O’s Andrew Cashner on getting the start on opening day

When Orioles right-hander Andrew Cashner made his only previous opening day start, his team beat what would go on to be an eventual division winner as he threw a strong game. It was March 30, 2014 when he started for San Diego as the Padres hosted the Los Angeles Dodgers. The Padres would beat the Dodgers 3-1 to start a year when Los Angeles won 94 games and the National League West championship.

Cashner went six innings in a no-decision, allowing four hits and one run with two walks and five strikeouts on 96 pitches. Now he’ll try to get the Orioles started off with a win against the favored Yankees on Thursday afternoon in the Bronx.

Cashner-White-Front-v-NYY-sidebar.jpg“I always look forward to setting a tone in any series when we open it up,” Cashner said this afternoon after an Orioles workout at Camden Yards. “For me, it’s continue what I’ve been working on this spring. I think there’s a different vibe in the room this year for sure. I think it is a little more relaxed kind of atmosphere and I think you’ll see some guys play the way they are capable of playing.”

Cashner will make the start because right-hander Alex Cobb was placed on the 10-day injured list with a strained right groin. The Orioles hope Cobb will be activated on the first day he is eligible, Thursday April 4, for the home opener versus the Yankees.

So any excitement Cashner is feeling about getting the start in the opener is tempered somewhat by how it came about.

“It is definitely a bummer for him and I know he was looking forward to it. But this will be my second one and I’m excited for it. I’ll have some family in town and I get to kick off baseball,” Cashner said.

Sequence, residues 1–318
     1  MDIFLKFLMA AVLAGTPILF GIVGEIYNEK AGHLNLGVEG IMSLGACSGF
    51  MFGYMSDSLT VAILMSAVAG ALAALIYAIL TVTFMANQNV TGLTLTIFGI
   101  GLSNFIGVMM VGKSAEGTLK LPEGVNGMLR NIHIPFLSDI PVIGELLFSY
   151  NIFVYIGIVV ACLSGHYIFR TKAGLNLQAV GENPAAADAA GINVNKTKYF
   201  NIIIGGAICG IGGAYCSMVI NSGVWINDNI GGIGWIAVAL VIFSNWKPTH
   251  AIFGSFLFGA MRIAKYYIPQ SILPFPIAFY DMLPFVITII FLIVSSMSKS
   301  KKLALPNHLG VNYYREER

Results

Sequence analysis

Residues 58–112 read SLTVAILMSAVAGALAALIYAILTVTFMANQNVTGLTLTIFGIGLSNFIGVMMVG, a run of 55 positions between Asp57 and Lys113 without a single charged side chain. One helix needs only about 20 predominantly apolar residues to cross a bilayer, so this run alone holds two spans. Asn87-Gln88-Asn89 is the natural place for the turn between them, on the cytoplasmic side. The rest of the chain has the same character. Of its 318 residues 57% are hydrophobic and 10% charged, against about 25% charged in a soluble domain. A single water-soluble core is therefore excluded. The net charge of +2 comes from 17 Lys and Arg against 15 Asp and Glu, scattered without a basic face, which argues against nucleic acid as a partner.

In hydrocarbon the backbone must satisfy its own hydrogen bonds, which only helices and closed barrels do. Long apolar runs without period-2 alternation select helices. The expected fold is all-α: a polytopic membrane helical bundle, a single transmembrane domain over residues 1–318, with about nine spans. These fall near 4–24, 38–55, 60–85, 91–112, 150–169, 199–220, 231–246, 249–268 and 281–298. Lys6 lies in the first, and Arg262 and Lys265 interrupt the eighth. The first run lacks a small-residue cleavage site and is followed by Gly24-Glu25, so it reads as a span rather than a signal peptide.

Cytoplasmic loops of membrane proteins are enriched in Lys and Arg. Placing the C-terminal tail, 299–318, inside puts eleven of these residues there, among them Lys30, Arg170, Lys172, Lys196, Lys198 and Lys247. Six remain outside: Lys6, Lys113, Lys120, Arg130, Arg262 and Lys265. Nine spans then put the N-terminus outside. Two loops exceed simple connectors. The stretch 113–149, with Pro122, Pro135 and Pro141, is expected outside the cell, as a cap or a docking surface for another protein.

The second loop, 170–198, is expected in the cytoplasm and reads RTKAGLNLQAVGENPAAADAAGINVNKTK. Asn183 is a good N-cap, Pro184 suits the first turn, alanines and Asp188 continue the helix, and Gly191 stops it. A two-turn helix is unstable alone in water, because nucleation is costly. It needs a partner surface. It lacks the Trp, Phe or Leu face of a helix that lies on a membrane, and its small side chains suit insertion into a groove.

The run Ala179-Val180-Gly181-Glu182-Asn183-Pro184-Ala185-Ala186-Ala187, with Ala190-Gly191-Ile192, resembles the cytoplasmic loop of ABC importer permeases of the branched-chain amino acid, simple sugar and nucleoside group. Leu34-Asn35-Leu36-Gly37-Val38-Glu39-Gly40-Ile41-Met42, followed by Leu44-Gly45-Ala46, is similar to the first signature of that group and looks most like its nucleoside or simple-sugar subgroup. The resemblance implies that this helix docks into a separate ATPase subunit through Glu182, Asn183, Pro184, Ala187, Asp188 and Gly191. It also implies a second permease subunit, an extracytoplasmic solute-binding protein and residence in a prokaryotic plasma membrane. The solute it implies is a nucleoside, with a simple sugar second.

Cashner is also kicking off what he hopes will be a second O’s season that turns out better than his first. He went 4-15 with a 5.29 ERA in 2018, one season after going 11-11 with a 3.40 ERA for Texas.

“For me, the biggest thing is just health. I know I can pitch here. It’s health,” he said after a season when he went on the disabled list twice. “You might be pitching through things you might not normally, but it’s taking the ball for your teammates no matter how you feel. Going out there and trying to produce.”

As most pitchers attempt to do on the first day every year, he’ll try to make opening day just like any other start - as much as he possibly can.

“It is just more about going through your routine,” said Cashner, who is 2-3 with a 3.18 ERA in seven career starts against the Yankees. “Staying structured with your day and just enjoying the whole thing and taking it all in. The last one I had was at home in San Diego and definitely different pitching in front of the home crowd, and I look forward to being the opposition at Yankee Stadium.”

In Baltimore this year, Cashner is reunited with Doug Brocail, his pitching coach in Texas in 2017, when he ranked ninth in the American League in ERA.

“It’s great,” Cashner said. “He’s definitely a father figure for me. You know, just the amount of conversation we can have in a day. Whether it’s talking about stuff off the field or talking baseball. He knows my mechanics. When we were in Lakeland playing the Tigers, it was probably one of the worst bullpens I’ve ever had before a game. He told me one thing. I fixed that one thing and went out and, ‘Whoa, there it is.’ He picks up on the small details that can make me better.”

So can this different vibe in the clubhouse translate into wins? Will it help the Orioles starting Thursday?

“Well, the goal is always to compete,” Cashner said. “I think there are definitely some younger guys in here that are going to need to find their way. There will be some ups and downs. But hopefully some of the older guys in here can pick them up when they are down and we can jell as a team.”

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